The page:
Obama's Choice of Sotomayor Is a Political Balancing Act

Sotomayor could prove to be a tricky target for Republicans.

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After weeks of speculation, President Barack Obama has picked a new justice for the U.S. Supreme Court: federal appeals court Judge Sonia Sotomayor, a Democrat, who would be the first Hispanic and third woman to serve on the nation's highest court. If confirmed, Sotomayor will replace the retiring Justice David Souter.

Although Obama said this morning that he looked for justices who had both "rigorous intellect" and "an understanding that a judge's job is to interpret, not make law," he contended that those qualities are not enough. "We need something more," he said. "It is experience that can give a person a common touch, a sense of compassion; an understanding of how the world works and how ordinary people live."

Born to Puerto Rican parents, Sotomayor, 54, grew up in a housing project in the south Bronx. Her father died when she was 9, leaving her mother, a nurse, to raise her and her brother on modest means. But Sotomayor's career took her far beyond the shadow of Yankee Stadium. A graduate of Princeton and Yale Law School, she was chosen for the U.S. District Court of New York by former President George H. W. Bush, who also chose Souter for the Supreme Court. Since 1998, she has been on the U.S. Second Circuit Court of Appeals in New York City, to which she was nominated by President Bill Clinton. "This wealth of experiences, personal and professional, have helped me appreciate the variety of perspectives that present themselves in every case that I hear," Sotomayor said in remarks this morning. "I strive never to forget the real-world consequences of my decisions on individuals, businesses, and government."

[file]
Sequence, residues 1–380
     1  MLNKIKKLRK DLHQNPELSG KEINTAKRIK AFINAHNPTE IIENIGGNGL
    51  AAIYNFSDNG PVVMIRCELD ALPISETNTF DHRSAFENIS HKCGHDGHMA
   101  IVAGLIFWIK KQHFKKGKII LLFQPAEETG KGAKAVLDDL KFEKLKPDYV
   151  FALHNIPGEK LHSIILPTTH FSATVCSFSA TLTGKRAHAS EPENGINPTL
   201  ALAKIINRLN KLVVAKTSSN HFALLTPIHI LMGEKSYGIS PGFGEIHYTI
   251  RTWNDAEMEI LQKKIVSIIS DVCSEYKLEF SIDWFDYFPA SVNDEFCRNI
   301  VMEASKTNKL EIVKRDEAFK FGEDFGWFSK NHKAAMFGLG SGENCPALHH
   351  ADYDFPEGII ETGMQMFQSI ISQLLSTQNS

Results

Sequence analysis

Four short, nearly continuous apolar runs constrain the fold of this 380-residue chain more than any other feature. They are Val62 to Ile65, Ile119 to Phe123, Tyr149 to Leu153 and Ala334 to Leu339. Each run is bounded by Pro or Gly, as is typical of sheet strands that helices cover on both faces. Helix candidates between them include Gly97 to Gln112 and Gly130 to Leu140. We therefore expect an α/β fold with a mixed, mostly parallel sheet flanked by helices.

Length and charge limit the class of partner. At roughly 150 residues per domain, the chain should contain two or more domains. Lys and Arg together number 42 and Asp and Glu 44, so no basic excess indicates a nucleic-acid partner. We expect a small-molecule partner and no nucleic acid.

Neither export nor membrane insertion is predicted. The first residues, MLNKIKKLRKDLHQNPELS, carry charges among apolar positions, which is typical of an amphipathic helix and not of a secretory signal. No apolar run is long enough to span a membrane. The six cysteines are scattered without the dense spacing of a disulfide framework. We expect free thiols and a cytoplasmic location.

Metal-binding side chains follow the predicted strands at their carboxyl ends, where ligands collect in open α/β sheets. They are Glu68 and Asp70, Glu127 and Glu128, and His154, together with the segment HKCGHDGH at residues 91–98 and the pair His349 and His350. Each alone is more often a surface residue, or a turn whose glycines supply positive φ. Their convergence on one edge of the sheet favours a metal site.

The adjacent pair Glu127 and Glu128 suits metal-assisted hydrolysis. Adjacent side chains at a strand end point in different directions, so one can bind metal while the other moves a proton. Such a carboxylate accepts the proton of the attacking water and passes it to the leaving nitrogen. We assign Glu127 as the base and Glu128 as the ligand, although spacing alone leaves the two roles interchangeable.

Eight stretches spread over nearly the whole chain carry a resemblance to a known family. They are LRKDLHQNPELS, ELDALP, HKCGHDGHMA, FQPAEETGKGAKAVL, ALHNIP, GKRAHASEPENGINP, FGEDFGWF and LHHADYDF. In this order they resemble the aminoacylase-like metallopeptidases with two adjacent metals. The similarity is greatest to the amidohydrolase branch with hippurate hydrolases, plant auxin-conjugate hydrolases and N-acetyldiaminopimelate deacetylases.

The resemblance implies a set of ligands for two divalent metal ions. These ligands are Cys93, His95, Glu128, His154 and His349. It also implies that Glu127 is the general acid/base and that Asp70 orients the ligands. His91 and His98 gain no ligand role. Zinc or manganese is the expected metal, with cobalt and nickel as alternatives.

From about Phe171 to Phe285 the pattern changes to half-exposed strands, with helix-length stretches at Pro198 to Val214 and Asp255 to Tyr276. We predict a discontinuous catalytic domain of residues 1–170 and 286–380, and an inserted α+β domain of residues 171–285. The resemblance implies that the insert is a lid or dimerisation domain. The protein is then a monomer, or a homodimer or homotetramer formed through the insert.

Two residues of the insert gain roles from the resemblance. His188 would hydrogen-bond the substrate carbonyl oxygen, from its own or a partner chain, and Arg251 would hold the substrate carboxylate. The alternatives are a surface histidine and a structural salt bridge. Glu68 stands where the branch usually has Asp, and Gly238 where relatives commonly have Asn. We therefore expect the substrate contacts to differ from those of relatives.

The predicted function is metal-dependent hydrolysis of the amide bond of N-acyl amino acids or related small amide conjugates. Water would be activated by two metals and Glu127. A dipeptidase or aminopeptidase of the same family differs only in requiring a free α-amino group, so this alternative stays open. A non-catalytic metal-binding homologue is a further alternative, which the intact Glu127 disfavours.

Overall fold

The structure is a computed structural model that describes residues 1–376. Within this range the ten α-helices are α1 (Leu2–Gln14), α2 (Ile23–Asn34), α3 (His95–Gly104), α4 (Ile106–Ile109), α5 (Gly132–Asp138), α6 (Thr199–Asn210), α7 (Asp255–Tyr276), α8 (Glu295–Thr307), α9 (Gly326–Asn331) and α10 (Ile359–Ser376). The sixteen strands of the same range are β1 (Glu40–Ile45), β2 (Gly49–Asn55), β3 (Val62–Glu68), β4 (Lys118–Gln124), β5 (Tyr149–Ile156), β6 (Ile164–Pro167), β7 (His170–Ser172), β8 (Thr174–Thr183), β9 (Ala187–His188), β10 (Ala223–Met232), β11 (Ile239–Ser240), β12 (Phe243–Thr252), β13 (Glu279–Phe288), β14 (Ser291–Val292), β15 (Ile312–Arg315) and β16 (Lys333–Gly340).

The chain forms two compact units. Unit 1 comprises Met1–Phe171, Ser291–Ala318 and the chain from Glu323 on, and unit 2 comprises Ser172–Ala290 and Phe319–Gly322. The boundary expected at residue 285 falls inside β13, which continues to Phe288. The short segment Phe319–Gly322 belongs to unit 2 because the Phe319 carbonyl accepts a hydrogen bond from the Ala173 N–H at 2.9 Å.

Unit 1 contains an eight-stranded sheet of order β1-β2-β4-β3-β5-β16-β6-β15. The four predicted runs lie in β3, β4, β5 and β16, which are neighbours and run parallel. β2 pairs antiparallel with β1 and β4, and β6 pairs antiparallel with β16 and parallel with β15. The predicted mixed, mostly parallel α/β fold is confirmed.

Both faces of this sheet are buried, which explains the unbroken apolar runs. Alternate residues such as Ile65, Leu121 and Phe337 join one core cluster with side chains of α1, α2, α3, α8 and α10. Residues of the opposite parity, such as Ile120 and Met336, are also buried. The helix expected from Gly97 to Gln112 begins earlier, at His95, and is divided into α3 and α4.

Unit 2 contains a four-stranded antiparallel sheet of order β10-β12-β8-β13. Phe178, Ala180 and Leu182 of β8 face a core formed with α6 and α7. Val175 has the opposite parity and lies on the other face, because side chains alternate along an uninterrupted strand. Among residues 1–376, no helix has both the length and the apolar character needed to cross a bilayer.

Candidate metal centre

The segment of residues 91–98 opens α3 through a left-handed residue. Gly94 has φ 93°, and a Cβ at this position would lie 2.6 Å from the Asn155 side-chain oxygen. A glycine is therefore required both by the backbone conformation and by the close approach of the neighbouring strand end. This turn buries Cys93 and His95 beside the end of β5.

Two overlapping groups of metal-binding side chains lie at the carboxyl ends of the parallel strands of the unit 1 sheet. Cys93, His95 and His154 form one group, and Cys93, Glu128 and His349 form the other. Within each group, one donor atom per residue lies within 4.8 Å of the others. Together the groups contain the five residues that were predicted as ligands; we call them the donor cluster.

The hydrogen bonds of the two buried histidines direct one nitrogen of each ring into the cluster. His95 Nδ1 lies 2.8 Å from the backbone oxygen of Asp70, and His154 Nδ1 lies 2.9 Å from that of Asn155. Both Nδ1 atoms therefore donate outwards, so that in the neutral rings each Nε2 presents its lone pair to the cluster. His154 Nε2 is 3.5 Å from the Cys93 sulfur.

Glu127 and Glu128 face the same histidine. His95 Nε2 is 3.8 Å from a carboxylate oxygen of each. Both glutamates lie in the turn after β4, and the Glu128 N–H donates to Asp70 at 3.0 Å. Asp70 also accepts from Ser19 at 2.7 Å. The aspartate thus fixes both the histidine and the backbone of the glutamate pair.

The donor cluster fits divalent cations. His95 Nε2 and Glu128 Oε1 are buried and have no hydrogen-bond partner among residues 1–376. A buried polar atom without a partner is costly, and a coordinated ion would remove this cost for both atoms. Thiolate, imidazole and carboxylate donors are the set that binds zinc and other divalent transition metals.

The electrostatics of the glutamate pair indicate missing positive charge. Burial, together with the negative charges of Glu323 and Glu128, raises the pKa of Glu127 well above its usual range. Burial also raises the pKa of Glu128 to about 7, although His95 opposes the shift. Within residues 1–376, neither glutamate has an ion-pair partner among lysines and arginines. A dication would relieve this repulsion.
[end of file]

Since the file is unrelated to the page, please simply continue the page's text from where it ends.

Along with her breadth of experience, having been nominated to her positions from both sides of the aisle helps make Sotomayor a politically savvy pick for the president, who has had to balance hopes that he would maintain the court's political balance and increase its diversity against his spoken commitment to bipartisanship. In many ways, Sotomayor does both. She could also prove to be a tricky target for Republicans, both because of the sensitivity of her gender and race and because the Republicans have seen their Hispanic vote slide dramatically, from George W. Bush's 44 percent in 2004 to John McCain's 31 percent in 2008.

Even so, conservative groups came out strongly against Sotomayor before Obama even made his announcement, calling her a liberal activist with her own agenda. One episode on which they focused was a controversial decision upholding the ruling of the city of New Haven, Conn., regarding a promotion exam for firefighters. That decision allowed the city to scrap the exam's results when no African-Americans qualified for promotions. The case has been appealed to the U.S. Supreme Court, and a ruling is expected before the term's end.

The president arrived at his decision over Memorial Day weekend and made his announcement Tuesday morning. His shortlist included Judge Diane Wood of Chicago, Solicitor General Elena Kagan, and Homeland Security Secretary Janet Napolitano. Sotomayor's nomination will now go to the Senate, which, being under Democratic control, seems likely to confirm her.